CB Dominic Minz: TSV Havelse
The series was not a happy one for Minz, who received a red card against St. Pauli (Episode 1). He later stated it was his first career red card. As a result, he received a (harsh) four-match suspension, ruling him out for the rest of the season. The red card would be his last action in a Leipzig kit, as his appeal was denied.
Minz joined Greuther Fürth’s reserves in the summer, which meant a season in the Regionalliga Bayern, a semi-pro league. He has since played for various regional league sides, including Paderborn II, Sportfreunde Lotte, and his current club, TSV Havelse.
CB Lukas Schelenz: Neudrossenfeld
Schelenz possibly experienced a bit of schadenfreude watching Minz get sent off, as it gave him an opportunity to impress in Minz’s absence. Schelenz himself was coming off a lengthy absence after a ligament injury, ruling him out for several matches. While he returned just in time to replace Minz, he struggled in his first game back, giving away a goal with an errant pass (Episode 2).
Schelenz said his goal was to sign with a third-tier club at the end of his contract and continue to progress. He did end up doing that, signing for KFC Uerdingen, but he could not get any minutes with the club and left after half a year. He joined Neudrossenfeld in 2019 and has been there ever since.
CAM Emre “Diego” Aslan: Füchse Berlin
Aslan introduced himself in style, scoring a late free-kick and grabbing one more to secure his side’s victory against Chemnitz (Episode 2). He was constantly described as one of the club’s most talented players, with excellent technical skills. However, like any player, he had his flaws, describing himself as sometimes being self-critical or showing negative body language.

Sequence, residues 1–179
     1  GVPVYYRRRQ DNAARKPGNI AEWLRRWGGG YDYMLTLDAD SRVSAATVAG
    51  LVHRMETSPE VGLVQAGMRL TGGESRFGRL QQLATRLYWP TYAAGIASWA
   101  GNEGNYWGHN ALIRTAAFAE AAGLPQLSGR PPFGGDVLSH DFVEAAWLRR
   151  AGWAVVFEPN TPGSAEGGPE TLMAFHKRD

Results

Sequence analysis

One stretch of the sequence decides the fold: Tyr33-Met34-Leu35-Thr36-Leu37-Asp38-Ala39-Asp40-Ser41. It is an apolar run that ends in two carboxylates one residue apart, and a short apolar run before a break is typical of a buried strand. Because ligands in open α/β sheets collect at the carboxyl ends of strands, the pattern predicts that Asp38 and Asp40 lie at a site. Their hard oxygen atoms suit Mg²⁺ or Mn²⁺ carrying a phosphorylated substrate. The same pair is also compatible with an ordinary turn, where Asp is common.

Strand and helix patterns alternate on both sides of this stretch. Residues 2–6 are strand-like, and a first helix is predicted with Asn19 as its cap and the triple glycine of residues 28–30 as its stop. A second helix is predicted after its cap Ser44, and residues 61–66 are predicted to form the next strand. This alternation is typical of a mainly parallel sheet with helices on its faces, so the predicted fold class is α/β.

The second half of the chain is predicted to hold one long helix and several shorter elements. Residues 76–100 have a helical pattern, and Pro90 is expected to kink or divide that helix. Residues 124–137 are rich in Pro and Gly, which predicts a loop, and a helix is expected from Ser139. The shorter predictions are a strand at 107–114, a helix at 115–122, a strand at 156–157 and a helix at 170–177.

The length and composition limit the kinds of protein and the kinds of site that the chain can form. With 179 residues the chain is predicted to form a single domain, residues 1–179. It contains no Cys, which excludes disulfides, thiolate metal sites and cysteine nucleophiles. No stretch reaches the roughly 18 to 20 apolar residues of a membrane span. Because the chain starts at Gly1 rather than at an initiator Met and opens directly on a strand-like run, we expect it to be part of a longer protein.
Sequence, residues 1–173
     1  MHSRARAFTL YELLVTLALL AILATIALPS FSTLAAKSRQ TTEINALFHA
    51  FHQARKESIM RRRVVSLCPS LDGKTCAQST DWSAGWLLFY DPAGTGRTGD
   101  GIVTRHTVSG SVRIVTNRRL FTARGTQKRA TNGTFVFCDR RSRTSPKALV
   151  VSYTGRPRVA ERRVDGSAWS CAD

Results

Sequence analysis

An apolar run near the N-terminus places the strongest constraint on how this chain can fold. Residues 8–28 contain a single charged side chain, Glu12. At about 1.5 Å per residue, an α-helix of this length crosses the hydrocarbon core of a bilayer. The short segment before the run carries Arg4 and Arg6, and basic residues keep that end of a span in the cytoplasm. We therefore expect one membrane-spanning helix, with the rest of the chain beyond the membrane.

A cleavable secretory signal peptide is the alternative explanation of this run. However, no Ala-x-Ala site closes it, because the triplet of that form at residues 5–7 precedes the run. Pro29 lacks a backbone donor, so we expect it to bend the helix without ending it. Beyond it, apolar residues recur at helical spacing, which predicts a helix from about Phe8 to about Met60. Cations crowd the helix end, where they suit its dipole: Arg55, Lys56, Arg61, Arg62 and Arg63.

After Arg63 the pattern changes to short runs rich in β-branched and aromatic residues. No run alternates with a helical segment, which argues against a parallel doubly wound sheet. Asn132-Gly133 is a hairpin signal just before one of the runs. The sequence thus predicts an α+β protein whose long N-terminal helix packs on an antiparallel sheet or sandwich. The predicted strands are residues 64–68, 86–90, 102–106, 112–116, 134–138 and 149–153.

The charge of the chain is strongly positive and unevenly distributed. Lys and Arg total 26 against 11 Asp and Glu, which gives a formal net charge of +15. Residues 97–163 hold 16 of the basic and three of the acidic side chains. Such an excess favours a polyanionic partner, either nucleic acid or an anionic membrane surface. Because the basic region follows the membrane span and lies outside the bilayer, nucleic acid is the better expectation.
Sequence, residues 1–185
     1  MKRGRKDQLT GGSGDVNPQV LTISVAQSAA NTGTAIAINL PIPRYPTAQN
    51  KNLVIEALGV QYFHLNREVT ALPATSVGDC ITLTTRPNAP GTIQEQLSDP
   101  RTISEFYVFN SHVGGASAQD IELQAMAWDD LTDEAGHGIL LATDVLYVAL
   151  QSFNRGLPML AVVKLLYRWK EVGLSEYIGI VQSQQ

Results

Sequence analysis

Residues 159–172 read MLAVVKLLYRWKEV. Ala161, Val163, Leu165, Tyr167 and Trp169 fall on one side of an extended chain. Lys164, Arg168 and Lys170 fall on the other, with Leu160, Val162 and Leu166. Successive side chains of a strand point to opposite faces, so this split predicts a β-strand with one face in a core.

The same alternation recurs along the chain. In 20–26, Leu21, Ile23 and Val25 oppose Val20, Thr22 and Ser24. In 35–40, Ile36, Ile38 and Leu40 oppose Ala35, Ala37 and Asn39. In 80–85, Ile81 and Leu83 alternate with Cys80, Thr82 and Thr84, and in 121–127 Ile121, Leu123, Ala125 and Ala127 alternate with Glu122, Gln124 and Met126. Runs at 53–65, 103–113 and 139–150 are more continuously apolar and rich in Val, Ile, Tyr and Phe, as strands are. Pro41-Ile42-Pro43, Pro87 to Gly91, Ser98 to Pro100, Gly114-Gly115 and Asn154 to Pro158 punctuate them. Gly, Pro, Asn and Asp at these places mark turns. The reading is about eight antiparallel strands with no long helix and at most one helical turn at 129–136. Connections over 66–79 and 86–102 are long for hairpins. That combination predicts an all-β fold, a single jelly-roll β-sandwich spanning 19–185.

Aslan was constantly the focus of attention from scouts, and why wouldn’t he be: he ended the season with 25 goal contributions from 25 games. Interestingly, he didn’t seem to be interested in sharing any transfer information with his manager Robert Klauß, just mentioning that there was some interest but not saying which clubs had enquired.
Fittingly, the final episode was also vague about his future, stating he was in negotiations with a Champions League club and that negotiations would hopefully conclude quickly. (This club was likely Turkish side Beşiktaş). Evidently, that didn’t happen, as Aslan was briefly promoted to the Leipzig first team before joining second-tier side FC Nürnberg.
After two decent seasons with Nürnberg’s reserves, Aslan has become something of a Berlin-based journeyman. Since 2020, he has played for Berliner AK, SC Staaken, and now Füchse Berlin in the sixth tier of Germany. They do look like promotion candidates, although the data is limited so it’s hard to tell how much of a role Aslan is playing.
Image Courtesy of dfb.de.